The argument herein centers on the notion that national network sport broadcasters contribute to the politicization of everyday life, however, they do so in a manner which belies an ideological promiscuity resulting from the primacy of commercial logics. In this vein, NBC’s coverage of the 2008 Beijing Olympics confirmed the popular conservatism of network broadcasters, through coverage which to some degree afforded an unstated legitimacy to China’s blend of state socialism and market capitalism. For, if they had chosen to do so, NBC could have used the Beijing Olympics as the catalyst for a considered examination of the Chinese state, with specific references to its well scrutinized economic policies, political organization, and human and civil rights record. Of course such a contextualizing of the Beijing Games on network television is all but unthinkable. While it would placate a minority who long protested the awarding of the games to China, it would doubtless extinguish the interests of the vast viewing majority looking to NBC for its established blend of sporting performance and soap opera melodrama.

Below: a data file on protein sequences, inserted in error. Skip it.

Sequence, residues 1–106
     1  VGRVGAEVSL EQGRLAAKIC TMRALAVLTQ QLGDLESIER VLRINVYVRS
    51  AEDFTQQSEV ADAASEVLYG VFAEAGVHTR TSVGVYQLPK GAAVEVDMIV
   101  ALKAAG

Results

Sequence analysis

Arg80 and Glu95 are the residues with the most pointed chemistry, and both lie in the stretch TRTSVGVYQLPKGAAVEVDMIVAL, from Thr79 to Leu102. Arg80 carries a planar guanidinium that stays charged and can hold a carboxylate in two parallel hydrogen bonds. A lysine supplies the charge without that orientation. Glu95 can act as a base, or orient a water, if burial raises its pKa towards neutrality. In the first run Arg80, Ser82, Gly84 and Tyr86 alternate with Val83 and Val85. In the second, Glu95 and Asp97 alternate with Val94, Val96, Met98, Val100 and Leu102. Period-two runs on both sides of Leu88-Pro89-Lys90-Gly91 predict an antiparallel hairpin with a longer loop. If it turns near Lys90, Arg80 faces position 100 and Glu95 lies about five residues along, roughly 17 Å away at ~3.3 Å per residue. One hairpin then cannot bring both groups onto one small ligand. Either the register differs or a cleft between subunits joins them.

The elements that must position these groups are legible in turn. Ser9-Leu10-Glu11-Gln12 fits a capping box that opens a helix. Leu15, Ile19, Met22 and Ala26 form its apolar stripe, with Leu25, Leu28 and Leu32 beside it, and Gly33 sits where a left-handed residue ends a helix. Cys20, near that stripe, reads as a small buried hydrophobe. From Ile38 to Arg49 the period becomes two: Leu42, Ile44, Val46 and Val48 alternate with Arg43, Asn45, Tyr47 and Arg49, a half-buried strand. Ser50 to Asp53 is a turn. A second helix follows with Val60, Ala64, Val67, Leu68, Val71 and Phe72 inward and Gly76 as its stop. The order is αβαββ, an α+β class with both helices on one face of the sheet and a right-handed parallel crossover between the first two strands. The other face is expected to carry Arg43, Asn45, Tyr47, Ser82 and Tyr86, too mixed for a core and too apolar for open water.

Hence, from the choreographed televisual magnitude of Zhang Yimou’s opening spectacular, through the remainder of the games, NBC pad scant attention to extra-sporting issues, preferring instead to celebrate the spectacular nature of Beijing 2008, in seemingly equal measure regarding its phantasmagorical built environment (specifically the instantly iconic bird’s nest and water cube stadia) and the superhuman feats of those performing within it (specifically Usain Bolt and Michael Phelps).